We need a group, a star, and some gifts: A homily for the Epiphany (Year B)

camels-1150075_1920Today, as we close the Christmas season, we celebrate the three wise men, the three kings, the magi–whatever you want to call them!  Their presence in our Christian story teaches us a lot…I want to focus on three things.

We need a group.  We really don’t know how many there were in the group with the Magi. We do know there were three for sure–Caspar, Melchior, and Balthazar–but there is lots of speculation that there were many more with them.  Their journey from Persia to Bethlehem was about from here to San Antonio–about 1500 miles.  On a camel.  Caspar never would have made it without the other two…and the same for them.  We need a group to get to Jesus.  That is truth!  That is why God gives us families, why he gives us parishes, why he gives us groups within parishes.  We need holy friends to get to Jesus, to inspire us, to keep us going.  The journey is too long for us to make on our own.

We need a star. Without the star in the sky, the wise men wouldn’t have known where to go. The same is true for us. The Catholic Church is our star!  Without the Church, we are lost.  And if we ever want to reach the Lord–just as the kings wanted so desperately to reach him–then we need to look to our star, the Church!  We look to her timeless teachings, her doctrines of love, her precepts and commandments. So long as we look to the star of the Church and follow after her beaming light, we’ll get to the Good Lord in no time.

We need gifts.  God forbid we should show up to the Lord empty handed one day!  We give Jesus our everything.  That is the lesson of these kings.  Caspar’s gift is incense–a symbol of the devotion, prayers, and heart we are to give to God.  Melchior brought the gold–a sign of the temporal goods we give to God, including our money.  Balthazar gives the myrrh, the stuff used over bodies when someone died. It’s a symbol that we give Jesus our bodies, our lives. They don’t belong to us anyway!

My friends, we need a group, we need the star, we need gifts!  Praise the Lord he gives us everything we need!  There’s a great line in Eucharistic Prayer I about how we give to God what he himself has given to us.  In other words, even our gifts–it’s all God’s!  Praise the Lord.  Together may we follow after the star, may we seek Jesus and give him everything.  He is worth it.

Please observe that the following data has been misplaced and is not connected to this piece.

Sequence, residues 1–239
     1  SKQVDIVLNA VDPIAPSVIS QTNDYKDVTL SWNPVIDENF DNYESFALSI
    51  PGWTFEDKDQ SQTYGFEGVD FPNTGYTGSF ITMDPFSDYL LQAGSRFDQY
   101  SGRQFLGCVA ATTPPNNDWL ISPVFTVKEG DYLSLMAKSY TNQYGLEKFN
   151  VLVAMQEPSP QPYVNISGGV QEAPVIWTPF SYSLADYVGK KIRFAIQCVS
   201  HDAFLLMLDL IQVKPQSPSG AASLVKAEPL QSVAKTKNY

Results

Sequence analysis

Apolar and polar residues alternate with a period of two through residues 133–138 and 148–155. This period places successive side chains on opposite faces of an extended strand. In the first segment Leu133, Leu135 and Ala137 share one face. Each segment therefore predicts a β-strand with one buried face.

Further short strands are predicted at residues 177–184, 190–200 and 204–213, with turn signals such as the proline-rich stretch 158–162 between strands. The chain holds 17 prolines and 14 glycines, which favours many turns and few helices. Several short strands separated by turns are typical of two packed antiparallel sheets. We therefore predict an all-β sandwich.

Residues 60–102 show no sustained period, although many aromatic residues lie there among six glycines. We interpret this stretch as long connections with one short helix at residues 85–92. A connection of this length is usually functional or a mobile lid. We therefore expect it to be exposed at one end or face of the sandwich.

All because God fell in love: A homily for Christmas

IMG_9957I’ve been visiting all of our shut-ins and folks in nursing homes recently, in order to wish them a Merry and happy Christmas. I always love looking at the pictures on people’s walls. Often there are dozens and dozens of pictures of family members and loved ones. You should always send pictures of you and your family to loved ones who are homebound, or in nursing homes. Often it is looking at faces of children and grandchildren that gets people through. Some also tell me they pray over those pictures.

About four days ago I visited a husband and wife who have been members of our parish for ages. They live in Ashford Place. Like so many, they had pictures everywhere of family members.  At the top of it all was a picture of the two of them.  Above that was a frame that said, “All because two people fell in love.”  In other words, none of the 100 or so people below would ever even exist were it not for the love that brought together this couple.

Brothers and sisters: today we celebrate that Jesus came to earth, that God has been born among us.  All that has followed–everyone who has been baptized, every family that exists, everyone who has been brought together in matrimony, all whose sins have been absolved in holy confession, every person who has received the Body of Our Lord at Holy Mass, every soul that has been born on earth and every soul that has entered heaven–it is all because God fell in love.

God is not out to get us!  He’s out to love us!  Mary and Joseph, the Shepherds and the wise men–all were told, “Do not be afraid!”  The same is said to us!  God comes to us, is born among us, because he fell in love.  No one is afraid of a baby!  Everyone wants to hold the baby, kiss the baby. For that, when God entered the world, he did so as a beautiful baby boy.

So that all might love him, too.  And fall in love.  Among the many Christmas cards I got–and I am so very thankful for them all–there was one that really got me.  It said, “Dear Fr. Mike, Merry Christmas.  We appreciate what you are doing. Thank you for caring.”

Today Jesus invites us all to care a little more–about our faith, about our families, about living a good and upright life.  So I had this experience in prayer.  I was sitting there with Mary who was holding, and she asked: Do you want to hold him?

We are all asked that today my friends.  Do you want to hold him?